Escaping into mindfulness with your cannabis practice

by | Oct 1, 2019

At its worst and its best, cannabis offers an escape for its users. It all rests on whether you’re escaping from fear, or escaping from the truth. 

A good mindfulness practice can help one determine the difference, and a properly administered cannabis wellness regimen can sharpen one’s intuition for this
crucial task.

I’ve based much of my own mindfulness practice on 12-step teachings; particularly their breakdown of FEAR (False Evidence Appearling Real) which you may remember from my previous post on the subject. People develop patterns of avoidance when faced with unpleasant, boring, arduous, scary or banal aspects of daily life, and escape is a tactic that can become hardwired into one’s most destructive habits. However, escape can also be applied to one’s mindfulness routine as well, and significantly renew a person’s ability to effectively meet the task of self-improvement. Here’s how one can do it.

escaping from F.E.A.R.

The mindset of F.E.A.R.

People in recovery learn a lot about escape’s darker side. Many an addiction is formed in service of obsessively escaping negative emotions and mindsets. Only by taking a fearless inventory of one’s life can one hope to improve it. That is the difference between two forms of the backronym F.E.A.R.: we can either Forget Everything And Run or Face Everything And Recover. The majority of an addict’s life is spent in developing stories or excuses to do the former, and his or her pride and ego defends the stories that maintain the justification for escape. And while there is no physical threat confronting the addict, there is still shame, regret, sorrow… faced with enough reminders, and addicts will always choose escape, unless a better option presents itself.

Now one doesn’t have to be an addict to fall prey to such behaviors. I personally believe everyone alive is an addict to something, especially since humanity is confronted with so many changes. These changes and our perceived inadequacy or inability to meet them can trigger the need to escape, whether it’s through social media, video games, work or any other avoidance tactic. Those behaviors become habits, and one never makes the adjustments needed to move forward in life.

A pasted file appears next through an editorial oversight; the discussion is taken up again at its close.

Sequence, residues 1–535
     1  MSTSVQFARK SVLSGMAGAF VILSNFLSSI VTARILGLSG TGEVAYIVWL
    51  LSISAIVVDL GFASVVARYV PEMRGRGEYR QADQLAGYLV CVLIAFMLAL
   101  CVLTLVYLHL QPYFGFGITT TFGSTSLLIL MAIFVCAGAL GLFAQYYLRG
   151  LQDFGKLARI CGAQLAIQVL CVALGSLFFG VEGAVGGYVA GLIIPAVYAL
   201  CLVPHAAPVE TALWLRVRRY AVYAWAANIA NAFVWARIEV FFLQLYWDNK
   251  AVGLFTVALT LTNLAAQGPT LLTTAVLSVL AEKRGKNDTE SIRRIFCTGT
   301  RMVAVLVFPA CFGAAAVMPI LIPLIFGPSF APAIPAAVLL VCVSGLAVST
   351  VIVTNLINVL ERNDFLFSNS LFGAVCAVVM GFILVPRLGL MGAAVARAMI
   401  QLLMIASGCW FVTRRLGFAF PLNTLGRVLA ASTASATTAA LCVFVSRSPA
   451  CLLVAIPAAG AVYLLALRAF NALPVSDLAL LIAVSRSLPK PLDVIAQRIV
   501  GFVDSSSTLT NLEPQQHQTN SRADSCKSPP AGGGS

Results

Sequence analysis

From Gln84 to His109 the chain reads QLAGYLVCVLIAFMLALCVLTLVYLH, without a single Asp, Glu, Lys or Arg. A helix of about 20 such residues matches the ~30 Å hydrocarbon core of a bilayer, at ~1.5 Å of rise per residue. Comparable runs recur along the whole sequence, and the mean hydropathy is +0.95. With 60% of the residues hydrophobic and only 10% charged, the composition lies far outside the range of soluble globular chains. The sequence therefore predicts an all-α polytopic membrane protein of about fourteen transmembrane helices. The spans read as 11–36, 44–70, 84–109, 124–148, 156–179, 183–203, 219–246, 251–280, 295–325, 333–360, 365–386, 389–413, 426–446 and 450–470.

And yes, cannabis, improperly utilized, can directly become one of these destructive habits. However, when one uses it mindfully, cannabis can strengthen one’s neuroplasticity and aid in developing newer ways of coping with the most insidious form of F.E.A.R.: the False Evidence Appearing Real.  

escaping from F.E.A.R.

The cannabis does make a difference

Recently, in my last email newsletter, I declared, It’s not about getting super-high; it’s about communion with the plant spirit and integrating oneself into nature.” Much of this centers around set and setting, or in short, what you are bringing to the table. If, for instance, you are facing a disturbance – perhaps a creative blockage or an anger flareup, this often leads to a cascade of mental processes that can alter your cannabis experience, which I call the chain of circumstances.

The chain of circumstance

Disturbance => Thoughts => Emotions => Feelings => Behavior

If you’re misusing cannabis, you’re doing it to anesthetize the disturbance. And that usually has to do with dosing. Using only as much as one needs for one’s well being is enough, and no more.

The gift cannabis gives us is its ability to induce introspection. It opens us up to a realm of possibilities that are creative and from the heart while softening the edges of the ego. From there, we can look more deeply inwards rather than project outwards, and disregard one’s own inner processes. Using cannabis as a tool for introspection can help its users compassionately observe what is going on in our internal and external world instead of judging.

From there, we can also choose what we wish to escape from, and how. There is nothing wrong with escaping from the endless chatter of one’s phone and escaping into the renewing forces of nature. At night, I consider taking Equanimity before I sleep as a necessary sort of escape as well. Developing one’s own creativity and imagination gives us a necessary escape as well — one that gives us freedom and liberation if we do it properly. One of my childhood heroes, J.R.R. Tolkien, spoke of fantasy as a necessary escape from reality in order to master it more effectively: “Fantasy is escapist, and that is its glory. If a soldier is imprisoned by the enemy, don’t we consider it his duty to escape?. . .If we value the freedom of mind and soul, if we’re partisans of liberty, then it’s our plain duty to escape, and to take as many people with us as we can!”

So in short, escapism, cannabis and mindfulness can form a very potent union for self-discovery, but the balance must be there, or else one can get stuck in the Chain of Circumstances.

  1. Bring awareness to what is happening
  2. Observe it without judgement
  3. Identify some mindfulness tools that empower your well-being over the momentary discord you face (i.e. meditation, art, walks in nature).

It’s all rooted in self-awareness, and it of course takes practice. But the tools are all around you, waiting for you to master them. 

 


 

 

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